Four-Day School Weeks Gaining Ground in Georgia
Filed under: In The News
Looking for new ways to skirt budgetary difficulties, many school districts across Georgia are investigating the lead of one county and shifting to a four-day school week.
For the 2009-2010 school year, Peach County, located near the middle of the state, switched to the shorter week, saving the county more than $300,000 in "transportation and utilities costs" and 39 jobs in the school system, according to the Macon Telegraph.
Last year, the newspaper reports, Peach County had a budget shortfall of $800,000, and the Georgia state legislature gave schools "more flexibility to implement alternative calendars," which allowed Georgia's schools to get rid of 10 days each school year.
The Peach County district then eliminated some of the non-academic programs in the lower grade classrooms, so the time they attend school remains the same each day during the four day week. High school students are attending school an extra 45 minutes per day due to the shortened week. Teacher salaries were not cut in the change, although the state has imposed six days of furloughs per academic year.
While it has yet to be determined if the shorter school week improves academic performances, or if Peach County will continue the schedule next year, the newspaper reports there have been "fewer disciplinary actions and teacher absences as a result" of the change.
However, the school board and the results of the standardized test will probably be the determining factors in a continuation, the Telegraph reports.
Now that classes are being held Tuesdays through Fridays, other Georgia county administrators -- primarily in smaller school districts -- are calling upon Peach County to learn how to make the change as well, the newspaper says.
According to the Telegraph, C.B. Mathis, assistant superintendent of operations in Peach County, has fielded questions from 20 or more administrators trying to determine whether or not to follow Peach County's path and "he tries to give them as much information as possible to anticipate different issues, from how the move would affect transportation employees to getting the local community on board to provide child care for the extra day off."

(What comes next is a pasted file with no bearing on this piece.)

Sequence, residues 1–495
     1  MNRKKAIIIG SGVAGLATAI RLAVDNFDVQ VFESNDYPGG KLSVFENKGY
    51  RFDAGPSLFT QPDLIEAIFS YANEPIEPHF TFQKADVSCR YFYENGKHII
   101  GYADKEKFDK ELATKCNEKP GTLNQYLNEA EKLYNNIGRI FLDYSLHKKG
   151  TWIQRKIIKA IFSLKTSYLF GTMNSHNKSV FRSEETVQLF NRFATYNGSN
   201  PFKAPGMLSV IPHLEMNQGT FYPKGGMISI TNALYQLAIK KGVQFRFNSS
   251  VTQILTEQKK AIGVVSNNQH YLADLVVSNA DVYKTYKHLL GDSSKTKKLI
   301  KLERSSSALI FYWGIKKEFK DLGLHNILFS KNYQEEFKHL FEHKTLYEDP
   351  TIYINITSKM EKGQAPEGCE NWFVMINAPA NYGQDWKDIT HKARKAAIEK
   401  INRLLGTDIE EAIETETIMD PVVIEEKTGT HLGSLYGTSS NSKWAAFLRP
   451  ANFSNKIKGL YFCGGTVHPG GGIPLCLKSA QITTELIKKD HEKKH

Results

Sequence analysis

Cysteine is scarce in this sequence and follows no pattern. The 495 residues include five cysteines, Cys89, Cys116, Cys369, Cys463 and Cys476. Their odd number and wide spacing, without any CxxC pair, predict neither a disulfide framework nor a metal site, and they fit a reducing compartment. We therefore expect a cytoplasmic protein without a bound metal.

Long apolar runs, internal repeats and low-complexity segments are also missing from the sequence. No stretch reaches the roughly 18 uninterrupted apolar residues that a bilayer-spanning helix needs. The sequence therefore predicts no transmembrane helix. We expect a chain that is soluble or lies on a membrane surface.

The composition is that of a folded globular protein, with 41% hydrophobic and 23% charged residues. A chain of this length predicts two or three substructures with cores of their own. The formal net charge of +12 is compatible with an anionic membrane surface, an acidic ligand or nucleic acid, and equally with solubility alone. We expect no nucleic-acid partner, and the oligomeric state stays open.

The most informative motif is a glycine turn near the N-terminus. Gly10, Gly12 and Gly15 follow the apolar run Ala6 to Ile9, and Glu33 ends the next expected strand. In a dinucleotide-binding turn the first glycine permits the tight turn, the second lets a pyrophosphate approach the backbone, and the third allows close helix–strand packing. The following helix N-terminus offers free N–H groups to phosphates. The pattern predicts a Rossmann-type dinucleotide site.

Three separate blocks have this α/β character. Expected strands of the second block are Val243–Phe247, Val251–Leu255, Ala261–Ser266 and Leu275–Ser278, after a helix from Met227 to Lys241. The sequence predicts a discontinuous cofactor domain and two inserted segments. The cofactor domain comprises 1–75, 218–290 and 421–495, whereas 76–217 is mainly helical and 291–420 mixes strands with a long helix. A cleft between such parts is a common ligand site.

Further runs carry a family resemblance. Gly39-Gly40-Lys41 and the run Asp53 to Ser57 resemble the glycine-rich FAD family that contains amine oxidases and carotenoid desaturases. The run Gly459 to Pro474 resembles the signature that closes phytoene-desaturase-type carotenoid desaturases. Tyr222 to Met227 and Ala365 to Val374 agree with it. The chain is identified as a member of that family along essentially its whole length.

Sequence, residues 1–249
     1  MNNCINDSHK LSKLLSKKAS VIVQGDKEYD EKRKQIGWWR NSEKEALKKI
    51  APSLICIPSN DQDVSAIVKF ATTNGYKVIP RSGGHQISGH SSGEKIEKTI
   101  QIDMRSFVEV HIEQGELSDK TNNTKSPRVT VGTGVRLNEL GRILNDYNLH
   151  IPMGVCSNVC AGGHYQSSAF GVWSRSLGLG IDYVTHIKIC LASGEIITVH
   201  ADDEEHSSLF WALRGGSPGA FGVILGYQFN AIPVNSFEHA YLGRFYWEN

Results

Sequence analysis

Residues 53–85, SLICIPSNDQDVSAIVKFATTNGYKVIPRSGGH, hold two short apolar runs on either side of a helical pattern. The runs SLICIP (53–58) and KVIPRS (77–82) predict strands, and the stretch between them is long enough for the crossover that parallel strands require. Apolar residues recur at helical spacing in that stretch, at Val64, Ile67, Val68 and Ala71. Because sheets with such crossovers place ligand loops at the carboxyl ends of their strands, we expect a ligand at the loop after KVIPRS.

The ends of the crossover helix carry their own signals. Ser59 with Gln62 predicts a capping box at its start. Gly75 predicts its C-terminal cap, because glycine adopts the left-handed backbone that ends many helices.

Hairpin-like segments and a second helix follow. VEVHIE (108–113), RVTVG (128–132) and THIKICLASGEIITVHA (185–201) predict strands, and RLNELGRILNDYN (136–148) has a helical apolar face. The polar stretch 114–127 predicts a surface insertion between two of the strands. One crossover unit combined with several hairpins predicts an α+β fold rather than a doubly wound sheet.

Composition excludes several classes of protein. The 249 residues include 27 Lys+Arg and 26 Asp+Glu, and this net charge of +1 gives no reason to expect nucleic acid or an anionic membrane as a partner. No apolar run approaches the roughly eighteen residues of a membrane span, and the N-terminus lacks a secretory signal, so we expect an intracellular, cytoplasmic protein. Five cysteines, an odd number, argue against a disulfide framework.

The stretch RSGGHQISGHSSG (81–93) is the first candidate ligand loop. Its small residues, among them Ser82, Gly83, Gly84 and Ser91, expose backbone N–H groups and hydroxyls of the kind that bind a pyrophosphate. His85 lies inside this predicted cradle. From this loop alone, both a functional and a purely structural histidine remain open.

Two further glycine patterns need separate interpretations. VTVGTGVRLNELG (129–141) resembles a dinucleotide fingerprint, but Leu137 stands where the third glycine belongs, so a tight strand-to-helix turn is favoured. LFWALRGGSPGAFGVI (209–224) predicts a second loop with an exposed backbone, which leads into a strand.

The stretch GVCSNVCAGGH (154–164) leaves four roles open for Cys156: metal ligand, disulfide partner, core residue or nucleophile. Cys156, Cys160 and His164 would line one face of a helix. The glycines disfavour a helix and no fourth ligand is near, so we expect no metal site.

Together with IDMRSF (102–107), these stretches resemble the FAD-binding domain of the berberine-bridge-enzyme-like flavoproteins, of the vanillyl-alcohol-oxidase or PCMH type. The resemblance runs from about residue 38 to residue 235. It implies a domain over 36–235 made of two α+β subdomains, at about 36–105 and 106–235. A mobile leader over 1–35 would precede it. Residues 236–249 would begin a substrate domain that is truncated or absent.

Peach County is focusing on the educational bottom line by providing "more tutoring for students," the newspaper says.
One northern, midsized county has already shifted to a shorter academic calendar with a 160-day school year. This county will conform to the instructional requirements by adding an extra hour per day, the Telegraph says. Another small county in the state, citing budget cuts as a main reason, approved a four-day school week for the next academic year with the belief it would save the county nearly $100,000, the Telegraph reports. And yet another midsized Georgia county is taking the pulse of its residents to figure out if the four-day change makes sense for next year, according to the newspaper.
While the administrators are working to figure out the budgetary difficulties, the Telegraph reports, the Professional Association of Georgia Educators is being less enthusiastic, "raising concerns about instructional time for struggling students, the effectiveness of a longer school day and ramifications for bus drivers and cafeteria workers."
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